The good news is that spotting illicit activity has become easier with the help of thorough data and intelligent technology. For example, business can use technology to set certain red flag parameters. When payments above a certain threshold occur, accurate data and the technology used for Know Your Customer (KYC) and anti-money laundering (AML) can raise an alert for further human investigation. These tools can also detect suspicious patterns at the point they begin to form.
Technologies can help ease the burden of KYC and AML activities since they work behind the scenes all day, every day to isolate suspicious behavior and transaction anomalies. Digital identity intelligence produces real-time relevant data about the device, location and transactional behaviors, while artificial intelligence and machine learning provide a more accurate view of business transactions, behaviors and relationships.
These technologies can evaluate payments on all types of platformsand cross-check them with up-to-date data, particularly if individuals or businesses initiate a new form of payment to carry out commercial transactions that go beyond traditional financial systems. Technology can also continuously monitor transaction activity against current sanctions and watchlists and constantly evaluate new intelligence on adverse news in the media, utilizing the data companies already have on those they conduct business with and cross referencing it with public information. In the end this lessens false positives.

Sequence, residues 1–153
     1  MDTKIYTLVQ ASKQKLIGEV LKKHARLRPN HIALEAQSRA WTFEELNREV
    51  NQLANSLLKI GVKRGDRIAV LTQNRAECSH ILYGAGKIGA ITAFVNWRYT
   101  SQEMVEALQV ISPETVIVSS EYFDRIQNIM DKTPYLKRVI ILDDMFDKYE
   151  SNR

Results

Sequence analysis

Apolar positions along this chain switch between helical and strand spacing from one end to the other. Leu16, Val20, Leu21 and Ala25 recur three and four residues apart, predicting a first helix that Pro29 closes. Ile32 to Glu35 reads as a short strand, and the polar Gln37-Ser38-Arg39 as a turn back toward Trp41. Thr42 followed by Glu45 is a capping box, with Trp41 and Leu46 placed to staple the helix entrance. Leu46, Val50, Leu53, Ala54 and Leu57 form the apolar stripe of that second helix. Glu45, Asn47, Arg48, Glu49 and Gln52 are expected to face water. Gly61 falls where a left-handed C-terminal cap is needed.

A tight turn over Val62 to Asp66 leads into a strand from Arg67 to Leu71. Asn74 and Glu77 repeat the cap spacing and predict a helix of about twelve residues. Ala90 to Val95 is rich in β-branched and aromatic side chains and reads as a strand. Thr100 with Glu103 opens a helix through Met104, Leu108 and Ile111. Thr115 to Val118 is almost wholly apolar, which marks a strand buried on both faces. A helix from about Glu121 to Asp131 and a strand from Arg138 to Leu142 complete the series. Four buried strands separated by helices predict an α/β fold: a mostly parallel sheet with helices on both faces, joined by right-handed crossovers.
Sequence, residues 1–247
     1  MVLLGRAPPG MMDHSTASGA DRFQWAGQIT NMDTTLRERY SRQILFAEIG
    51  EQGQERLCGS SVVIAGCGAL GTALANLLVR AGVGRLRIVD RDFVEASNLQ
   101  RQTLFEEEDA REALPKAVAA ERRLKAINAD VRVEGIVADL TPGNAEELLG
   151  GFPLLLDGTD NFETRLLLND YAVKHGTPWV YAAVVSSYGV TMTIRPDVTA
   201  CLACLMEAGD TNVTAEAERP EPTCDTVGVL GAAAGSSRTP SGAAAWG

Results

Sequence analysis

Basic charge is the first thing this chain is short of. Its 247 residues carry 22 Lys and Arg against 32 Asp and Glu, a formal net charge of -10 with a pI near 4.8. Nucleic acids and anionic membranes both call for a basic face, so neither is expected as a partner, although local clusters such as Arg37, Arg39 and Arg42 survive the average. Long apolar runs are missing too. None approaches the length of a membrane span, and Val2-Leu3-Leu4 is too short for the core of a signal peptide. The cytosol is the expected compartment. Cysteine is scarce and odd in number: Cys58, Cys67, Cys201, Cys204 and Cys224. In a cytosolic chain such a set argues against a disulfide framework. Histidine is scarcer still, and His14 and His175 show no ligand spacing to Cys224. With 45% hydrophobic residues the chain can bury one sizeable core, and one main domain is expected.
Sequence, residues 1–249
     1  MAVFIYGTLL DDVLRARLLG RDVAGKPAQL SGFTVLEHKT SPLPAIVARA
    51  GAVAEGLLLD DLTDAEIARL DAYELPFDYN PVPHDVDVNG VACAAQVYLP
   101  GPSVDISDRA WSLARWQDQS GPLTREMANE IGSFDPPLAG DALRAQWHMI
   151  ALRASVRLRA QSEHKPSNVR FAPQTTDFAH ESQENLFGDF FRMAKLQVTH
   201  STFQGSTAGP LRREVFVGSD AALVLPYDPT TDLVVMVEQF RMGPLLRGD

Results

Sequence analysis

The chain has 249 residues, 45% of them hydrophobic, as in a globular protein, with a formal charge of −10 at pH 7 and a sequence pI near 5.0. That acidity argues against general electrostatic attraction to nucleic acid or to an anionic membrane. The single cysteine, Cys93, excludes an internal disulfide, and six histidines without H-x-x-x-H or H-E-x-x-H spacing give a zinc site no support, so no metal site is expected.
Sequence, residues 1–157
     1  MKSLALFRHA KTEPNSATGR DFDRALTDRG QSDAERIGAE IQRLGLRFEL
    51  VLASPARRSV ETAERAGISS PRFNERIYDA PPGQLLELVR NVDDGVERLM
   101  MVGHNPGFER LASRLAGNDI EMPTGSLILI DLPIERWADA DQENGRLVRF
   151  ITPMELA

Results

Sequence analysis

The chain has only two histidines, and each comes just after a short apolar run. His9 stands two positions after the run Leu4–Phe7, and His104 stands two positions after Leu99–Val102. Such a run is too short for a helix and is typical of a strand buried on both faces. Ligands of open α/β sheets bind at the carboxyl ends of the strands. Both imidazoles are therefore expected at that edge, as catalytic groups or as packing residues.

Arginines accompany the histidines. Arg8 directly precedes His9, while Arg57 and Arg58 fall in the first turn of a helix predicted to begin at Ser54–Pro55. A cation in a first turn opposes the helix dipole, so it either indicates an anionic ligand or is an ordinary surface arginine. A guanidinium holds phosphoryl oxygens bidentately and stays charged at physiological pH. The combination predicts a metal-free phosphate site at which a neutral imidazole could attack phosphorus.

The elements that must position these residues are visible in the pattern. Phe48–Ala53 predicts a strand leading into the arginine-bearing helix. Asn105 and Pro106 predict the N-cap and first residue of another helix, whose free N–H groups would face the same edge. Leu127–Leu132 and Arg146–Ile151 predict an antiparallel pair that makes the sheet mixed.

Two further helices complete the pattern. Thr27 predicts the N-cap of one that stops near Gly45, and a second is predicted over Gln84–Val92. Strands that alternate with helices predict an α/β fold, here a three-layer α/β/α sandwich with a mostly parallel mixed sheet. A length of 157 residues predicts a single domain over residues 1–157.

It Stops at the Beginning
Companies must make a public, active and continuous commitment in the battle against wildlife trafficking. Only a united effort globally can stop an illegal activity that has long-term societal and conservation impacts.
Although it’s a global problem, the first steps to curb this type of trafficking starts on the business level. Businesses can play a significant role by monitoring trade activities, fully understanding who is transacting in their environments and taking initiative to identify money laundering before it happens. Only then will the world make tremendous strides in creating substantial financial roadblocks for these criminals, thereby inhibiting illegal wildlife trafficking altogether.
Adrian is responsible of delivering the latest in technology for specialized solutions in anti-money laundering, sanctions compliance and anti-bribery and corruption.
He has a degree in Business Administration, has over 19 years of professional experience and is CAMS certified. Before joining LexisNexis Risk Solutions, he worked in different financial institutions, multinational companies, as well as in the government sector in different areas such as fraud prevention, prevention of money laundering and regulatory compliance, and developing strategies for prevention and detection of financial crimes.